A key Democrat in the Iowa Senate says the leader of the board that governs Iowa’s three public universities should stop the “public flogging” of the University of Iowa’s president. Senator Bob Dvorsky, a Democrat from Coralville, spoke directly to Board of Regents president Craig Lang during a senate committee meeting this afternoon.

“The view from Iowa City is not good. They feel there’s a vendetta by you and others on the Board of Regents and you’re out to get President Mason for some unknown reason,” Dvorsky said. “…There’s too much public flogging out there of President Mason. I think it needs to stop. I think she’s doing a good job.”

Lang has raised concerns about Sally Mason’s management of the University of Iowa and Mason has been working without a contract since August.

“Not until the reputation of the Board of Regents itself was in jeopardy did I say something publicly,” Lang said. “Now I hope as we move ahead in the future everything will be good, all the stories will be great.”

Lang spoke before the Senate Education Committee this afternoon. Lang faces a confirmation vote in the Iowa Senate for another term on the Board of Regents. Lang told senators he is “not perfect,” but works “very, very hard” for the universities.

“I’ll make mistakes,” Lang said in a closing statement. “You can take a risk on me. I hope you do. I hope you support me for another six years and I know that when I make a mistake, you’ll let me know.”

Democratic senators spent part of the hour-long meeting with Lang questioning the collapse of the Harkin Institute at Iowa State University. In early February Senator Tom Harkin announced he would not be donating the work papers from his 40-year congressional career to ISU over concerns about academic freedom. Senator Herman Quirmbach, a Democrat from Ames who also teaches at ISU, said the value of Harkin’s papers can’t be calculated.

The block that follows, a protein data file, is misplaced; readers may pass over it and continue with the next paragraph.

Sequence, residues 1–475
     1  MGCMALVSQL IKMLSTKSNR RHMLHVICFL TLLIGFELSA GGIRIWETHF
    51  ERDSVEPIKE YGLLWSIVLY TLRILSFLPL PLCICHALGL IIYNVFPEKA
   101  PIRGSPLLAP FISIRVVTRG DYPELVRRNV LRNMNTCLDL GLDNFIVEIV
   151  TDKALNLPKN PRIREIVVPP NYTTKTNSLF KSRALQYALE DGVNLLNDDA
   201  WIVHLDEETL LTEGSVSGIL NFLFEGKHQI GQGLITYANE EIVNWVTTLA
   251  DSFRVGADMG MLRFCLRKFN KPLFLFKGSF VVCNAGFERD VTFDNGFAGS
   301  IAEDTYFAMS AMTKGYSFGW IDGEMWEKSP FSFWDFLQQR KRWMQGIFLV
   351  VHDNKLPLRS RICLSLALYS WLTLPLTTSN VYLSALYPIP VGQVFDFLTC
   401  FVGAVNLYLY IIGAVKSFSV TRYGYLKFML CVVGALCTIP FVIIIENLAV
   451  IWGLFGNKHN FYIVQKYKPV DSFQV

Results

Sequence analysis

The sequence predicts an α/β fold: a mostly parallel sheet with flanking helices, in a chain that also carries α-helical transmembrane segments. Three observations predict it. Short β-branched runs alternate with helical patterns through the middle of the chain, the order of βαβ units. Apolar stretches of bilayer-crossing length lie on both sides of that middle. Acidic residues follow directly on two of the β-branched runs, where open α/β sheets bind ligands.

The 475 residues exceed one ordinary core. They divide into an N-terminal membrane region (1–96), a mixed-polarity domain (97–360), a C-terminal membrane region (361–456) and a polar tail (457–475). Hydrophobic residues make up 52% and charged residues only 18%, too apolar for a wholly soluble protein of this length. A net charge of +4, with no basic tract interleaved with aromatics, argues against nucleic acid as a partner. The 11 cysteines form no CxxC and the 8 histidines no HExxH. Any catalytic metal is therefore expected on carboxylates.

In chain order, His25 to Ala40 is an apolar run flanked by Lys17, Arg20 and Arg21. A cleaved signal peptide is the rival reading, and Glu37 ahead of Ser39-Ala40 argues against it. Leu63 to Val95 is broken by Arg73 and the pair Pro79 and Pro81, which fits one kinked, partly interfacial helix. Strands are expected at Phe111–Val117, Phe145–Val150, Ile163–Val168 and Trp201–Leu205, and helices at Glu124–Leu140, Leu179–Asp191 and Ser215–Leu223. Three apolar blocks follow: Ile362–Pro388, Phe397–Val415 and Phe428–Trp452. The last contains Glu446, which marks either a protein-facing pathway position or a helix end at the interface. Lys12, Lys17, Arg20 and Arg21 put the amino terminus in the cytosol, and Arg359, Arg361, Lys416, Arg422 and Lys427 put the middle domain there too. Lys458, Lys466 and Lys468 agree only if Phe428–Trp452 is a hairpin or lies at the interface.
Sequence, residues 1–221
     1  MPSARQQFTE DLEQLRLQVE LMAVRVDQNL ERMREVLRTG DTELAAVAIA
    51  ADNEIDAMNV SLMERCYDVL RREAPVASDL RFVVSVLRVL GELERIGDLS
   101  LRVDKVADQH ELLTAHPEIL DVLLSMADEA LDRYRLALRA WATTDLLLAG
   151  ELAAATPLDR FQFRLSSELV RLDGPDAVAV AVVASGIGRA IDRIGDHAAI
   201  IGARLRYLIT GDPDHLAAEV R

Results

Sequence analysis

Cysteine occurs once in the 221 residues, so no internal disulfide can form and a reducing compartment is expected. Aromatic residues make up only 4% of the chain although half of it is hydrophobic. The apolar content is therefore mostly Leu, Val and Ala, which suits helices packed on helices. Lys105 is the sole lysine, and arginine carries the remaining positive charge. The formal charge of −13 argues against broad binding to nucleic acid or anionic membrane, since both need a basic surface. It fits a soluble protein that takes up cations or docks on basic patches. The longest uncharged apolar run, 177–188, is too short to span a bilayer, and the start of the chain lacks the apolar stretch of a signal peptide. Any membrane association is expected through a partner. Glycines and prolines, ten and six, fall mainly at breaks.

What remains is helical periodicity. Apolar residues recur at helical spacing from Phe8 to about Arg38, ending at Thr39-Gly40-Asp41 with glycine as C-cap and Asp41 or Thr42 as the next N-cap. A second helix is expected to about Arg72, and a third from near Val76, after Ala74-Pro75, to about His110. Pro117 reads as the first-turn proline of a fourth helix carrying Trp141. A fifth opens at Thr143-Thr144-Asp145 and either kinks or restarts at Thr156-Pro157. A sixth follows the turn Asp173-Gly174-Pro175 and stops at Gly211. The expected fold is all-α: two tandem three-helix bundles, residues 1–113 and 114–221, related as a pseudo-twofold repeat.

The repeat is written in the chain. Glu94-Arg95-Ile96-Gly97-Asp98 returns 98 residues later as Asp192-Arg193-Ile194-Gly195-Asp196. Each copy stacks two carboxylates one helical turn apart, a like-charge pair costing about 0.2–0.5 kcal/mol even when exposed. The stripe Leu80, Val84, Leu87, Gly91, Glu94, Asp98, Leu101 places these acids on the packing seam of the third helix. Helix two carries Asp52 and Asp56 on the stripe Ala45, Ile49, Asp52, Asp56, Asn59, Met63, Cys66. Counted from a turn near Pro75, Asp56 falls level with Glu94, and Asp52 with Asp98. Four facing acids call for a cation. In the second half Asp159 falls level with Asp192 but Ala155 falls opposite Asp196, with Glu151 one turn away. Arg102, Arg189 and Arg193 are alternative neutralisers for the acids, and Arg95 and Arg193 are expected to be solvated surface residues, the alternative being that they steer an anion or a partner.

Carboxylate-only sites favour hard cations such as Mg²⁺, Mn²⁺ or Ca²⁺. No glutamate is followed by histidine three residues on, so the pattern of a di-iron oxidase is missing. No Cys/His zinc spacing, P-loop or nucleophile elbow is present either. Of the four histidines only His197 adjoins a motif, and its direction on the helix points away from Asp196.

“Losing that resource is a dishonor to the university and a disgrace,” Quirmbach said, “and I would hope that we could find a way to turn that situation around.”

Lang has not read the memorandum that prompted Harkin to first raise questions about academic freedom for the Harkin Institute.

“I probably should,” Lang told senators, “but who wants to read bad news?”

Lang said he doesn’t want to see the memo “because it’s unworkable” and ISU’s president redrafted the plan to try to accommodate Senator Harkin’s concerns. Other Democrats on the Senate Education Committee accused Lang “politicizing” the board.

“My answer is that I think in leadership we should be in the middle,” Lang said. “We should respect law and policy that’s passed for us to follow and we should try to do everything that we can to make sure that we are looking at everything from a balanced approach.”

 AUDIO of Lang’s 55 minute confirmation hearing

The Senate Education Committee could vote as soon as Wednesday on Lang’s nomination. Lang must win a “yes” vote from 34 senators to be confirmed for another term.